Members of Onda Latina performed at Sancocho last night to help kick off Pennsando. Last night’s event was the first time Lambda and Festival Latino worked together to celebrate Pennsando.

Credit: Fabiola Diaz / The Daily Pennsylvanian

Chips, guacamole and rainbow cupcakes.

Festival Latino kicked off with a celebration of its LGBT community Sunday night in Claudia Cohen Hall with food and music.

For years, Festival Latino — the week dedicated to the celebration of Latino culture — and QPenn, its LGBT counterpart, have overlapped in timing. Last night, both boards celebrated with their first collaboration: Sancocho.

Sancocho is a Latino traditional stew that combines various kitchen ingredients. The event’s name was supposed to represent the variety of cultures within the Latino community.

The event began with Michael Lewis, Lambda vice chair of communications and College sophomore, performing on the guitar. Then followed poetry, a dance performance by Onda Latina, and information about LGBT and Latino local resources.

The leader of the organizing board of PENNsando — the name given to this year’s Festival Latino — Engineering sophomore Alexa Gallegos emphasized that each event is designed to be inclusive to the broader Penn community. She said that increasing the visibility of PENNsando, and fighting against conceptions that the Latino community is exclusive, is a goal of the upcoming events.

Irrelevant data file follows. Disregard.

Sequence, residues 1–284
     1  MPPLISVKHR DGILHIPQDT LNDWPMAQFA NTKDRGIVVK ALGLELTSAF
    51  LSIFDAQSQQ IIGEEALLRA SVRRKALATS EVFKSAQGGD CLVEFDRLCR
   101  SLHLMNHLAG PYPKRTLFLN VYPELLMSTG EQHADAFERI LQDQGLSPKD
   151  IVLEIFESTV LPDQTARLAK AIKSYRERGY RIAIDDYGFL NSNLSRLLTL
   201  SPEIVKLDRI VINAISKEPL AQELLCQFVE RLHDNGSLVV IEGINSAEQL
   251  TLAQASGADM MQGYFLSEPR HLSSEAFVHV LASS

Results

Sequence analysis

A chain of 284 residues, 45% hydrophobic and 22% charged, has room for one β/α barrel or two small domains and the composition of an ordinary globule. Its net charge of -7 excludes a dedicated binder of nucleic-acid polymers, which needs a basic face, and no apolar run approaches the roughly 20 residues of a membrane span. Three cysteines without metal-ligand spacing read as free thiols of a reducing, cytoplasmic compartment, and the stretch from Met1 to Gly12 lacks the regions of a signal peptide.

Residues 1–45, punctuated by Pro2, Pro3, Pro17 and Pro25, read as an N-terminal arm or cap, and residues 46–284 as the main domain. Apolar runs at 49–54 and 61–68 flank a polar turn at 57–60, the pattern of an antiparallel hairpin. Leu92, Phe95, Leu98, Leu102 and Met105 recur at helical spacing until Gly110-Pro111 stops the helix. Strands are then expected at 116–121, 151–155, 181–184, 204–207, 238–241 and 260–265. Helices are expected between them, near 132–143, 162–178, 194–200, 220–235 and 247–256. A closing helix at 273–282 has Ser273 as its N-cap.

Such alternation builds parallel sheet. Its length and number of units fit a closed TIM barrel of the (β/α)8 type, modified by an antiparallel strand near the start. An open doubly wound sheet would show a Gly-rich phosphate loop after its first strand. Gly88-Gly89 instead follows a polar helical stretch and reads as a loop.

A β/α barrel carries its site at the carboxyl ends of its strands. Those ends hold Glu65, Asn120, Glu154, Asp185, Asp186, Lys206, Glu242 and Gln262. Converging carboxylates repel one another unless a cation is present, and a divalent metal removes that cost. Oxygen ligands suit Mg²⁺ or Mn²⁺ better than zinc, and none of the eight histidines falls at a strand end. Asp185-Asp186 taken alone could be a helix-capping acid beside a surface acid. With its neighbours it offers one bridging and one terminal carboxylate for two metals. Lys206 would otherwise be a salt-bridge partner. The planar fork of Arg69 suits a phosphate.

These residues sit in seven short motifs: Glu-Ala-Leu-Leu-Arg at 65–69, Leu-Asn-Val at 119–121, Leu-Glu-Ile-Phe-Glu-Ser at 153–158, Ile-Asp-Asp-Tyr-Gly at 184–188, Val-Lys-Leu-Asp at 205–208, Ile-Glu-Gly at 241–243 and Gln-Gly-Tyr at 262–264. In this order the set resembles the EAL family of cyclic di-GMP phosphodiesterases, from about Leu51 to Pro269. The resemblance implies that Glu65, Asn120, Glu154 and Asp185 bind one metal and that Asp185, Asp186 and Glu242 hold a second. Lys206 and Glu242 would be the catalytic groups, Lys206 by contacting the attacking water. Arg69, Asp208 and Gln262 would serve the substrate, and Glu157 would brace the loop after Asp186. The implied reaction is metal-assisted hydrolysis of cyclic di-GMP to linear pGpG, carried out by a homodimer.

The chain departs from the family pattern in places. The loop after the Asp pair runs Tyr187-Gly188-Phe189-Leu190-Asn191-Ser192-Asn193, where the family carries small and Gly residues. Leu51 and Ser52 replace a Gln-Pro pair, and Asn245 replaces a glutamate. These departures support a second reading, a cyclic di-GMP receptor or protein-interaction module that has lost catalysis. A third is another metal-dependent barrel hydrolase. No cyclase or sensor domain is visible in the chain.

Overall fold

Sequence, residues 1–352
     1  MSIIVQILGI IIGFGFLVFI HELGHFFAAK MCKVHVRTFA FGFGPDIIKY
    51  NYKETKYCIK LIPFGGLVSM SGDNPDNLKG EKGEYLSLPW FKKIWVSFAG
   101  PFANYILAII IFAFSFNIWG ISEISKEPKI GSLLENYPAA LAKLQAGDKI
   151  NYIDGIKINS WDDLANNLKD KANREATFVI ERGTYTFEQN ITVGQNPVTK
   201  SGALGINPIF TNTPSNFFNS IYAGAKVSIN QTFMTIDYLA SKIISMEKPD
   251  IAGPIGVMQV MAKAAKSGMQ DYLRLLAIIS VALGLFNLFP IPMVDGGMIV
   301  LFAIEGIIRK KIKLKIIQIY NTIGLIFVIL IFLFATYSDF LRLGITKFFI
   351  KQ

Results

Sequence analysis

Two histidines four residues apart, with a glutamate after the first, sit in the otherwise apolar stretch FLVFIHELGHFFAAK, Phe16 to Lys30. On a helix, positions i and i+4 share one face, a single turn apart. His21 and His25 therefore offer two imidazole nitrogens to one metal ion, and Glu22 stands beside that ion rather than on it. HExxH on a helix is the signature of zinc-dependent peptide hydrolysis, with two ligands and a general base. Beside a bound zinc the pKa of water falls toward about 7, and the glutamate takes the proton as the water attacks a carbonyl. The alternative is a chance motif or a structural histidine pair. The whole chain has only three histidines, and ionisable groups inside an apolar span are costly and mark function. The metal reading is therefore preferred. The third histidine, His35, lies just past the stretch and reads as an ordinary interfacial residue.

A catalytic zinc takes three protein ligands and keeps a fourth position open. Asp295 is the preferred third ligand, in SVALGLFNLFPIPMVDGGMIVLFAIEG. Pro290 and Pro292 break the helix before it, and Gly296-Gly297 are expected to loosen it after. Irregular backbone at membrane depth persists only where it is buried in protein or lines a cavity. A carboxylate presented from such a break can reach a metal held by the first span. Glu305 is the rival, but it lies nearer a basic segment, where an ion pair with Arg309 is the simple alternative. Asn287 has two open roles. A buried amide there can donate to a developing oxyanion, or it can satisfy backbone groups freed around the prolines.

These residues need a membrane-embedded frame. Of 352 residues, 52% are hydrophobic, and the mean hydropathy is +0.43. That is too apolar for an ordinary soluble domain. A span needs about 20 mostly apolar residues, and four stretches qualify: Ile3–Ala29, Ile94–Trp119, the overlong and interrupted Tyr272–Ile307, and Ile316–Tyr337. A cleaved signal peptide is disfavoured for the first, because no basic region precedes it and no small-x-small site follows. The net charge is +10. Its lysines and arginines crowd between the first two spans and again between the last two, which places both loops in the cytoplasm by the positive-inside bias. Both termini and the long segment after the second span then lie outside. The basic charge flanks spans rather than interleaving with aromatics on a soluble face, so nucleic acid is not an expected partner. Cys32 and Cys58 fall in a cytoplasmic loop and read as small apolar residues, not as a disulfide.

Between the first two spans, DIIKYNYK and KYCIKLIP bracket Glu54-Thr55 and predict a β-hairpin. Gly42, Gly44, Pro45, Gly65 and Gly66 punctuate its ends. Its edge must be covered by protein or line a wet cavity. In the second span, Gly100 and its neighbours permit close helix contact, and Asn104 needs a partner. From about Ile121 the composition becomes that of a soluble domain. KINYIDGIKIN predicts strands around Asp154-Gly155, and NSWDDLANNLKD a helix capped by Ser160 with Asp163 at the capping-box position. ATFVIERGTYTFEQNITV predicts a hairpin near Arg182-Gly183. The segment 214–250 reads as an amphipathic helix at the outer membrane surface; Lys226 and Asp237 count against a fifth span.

Sunday night’s event was also notable because of its hosts. With PENNsando beginning as QPenn comes to an end, the leaders of the Latino Coalition and the Lambda Alliance thought it was time to come together to celebrate the diversity of both communities.

“QPenn week was a huge success,” said Lambda Alliance Chair and College sophomore Dawn Androphy. “Historically, [it] has always been the week before Festival Latino.” This year, they wanted to acknowledge the intersection between the two.

Diana Estrada-Alamo, a College junior and the chair of Queer People of Color, said that as a member of both communities, she has been fighting for this event to happen since last year.

“The climate [at Penn] has changed a lot,” Estrada-Alamo, who was one of the MCs, said, recalling an upperclassman mentor she had as a freshman. He was the only openly gay Latino at Penn that she knew of. Today that is no longer the case, and they can now provide a space for both Latino and LGBT community members.

College sophomore Joel Olguin, the finance chair of QPOC and the other MC, said he was glad to see what the event represented — the changing diversity of the United States and the diversity within both the LGBT and Latino communities on campus and nationwide.

The event, which featured a free dinner and entertainment, was well-attended, with over 80 seats filling within the first ten minutes of the program.

United Minorities Council chair and College sophomore Joyce Kim, who said she came because she was friends with the organizers of the events, said “I think it’s really cool that they’re collaborating on this event because their weeks align.”

Others made the choice to attend on a whim. College senior Megan Scott had just walked out of her sorority chapter meeting next door when she was invited in for the free food. She and a couple of her sorority sisters decided to stay “because of the cheerful atmosphere.”

Festival Latino will continue every day through March 31.

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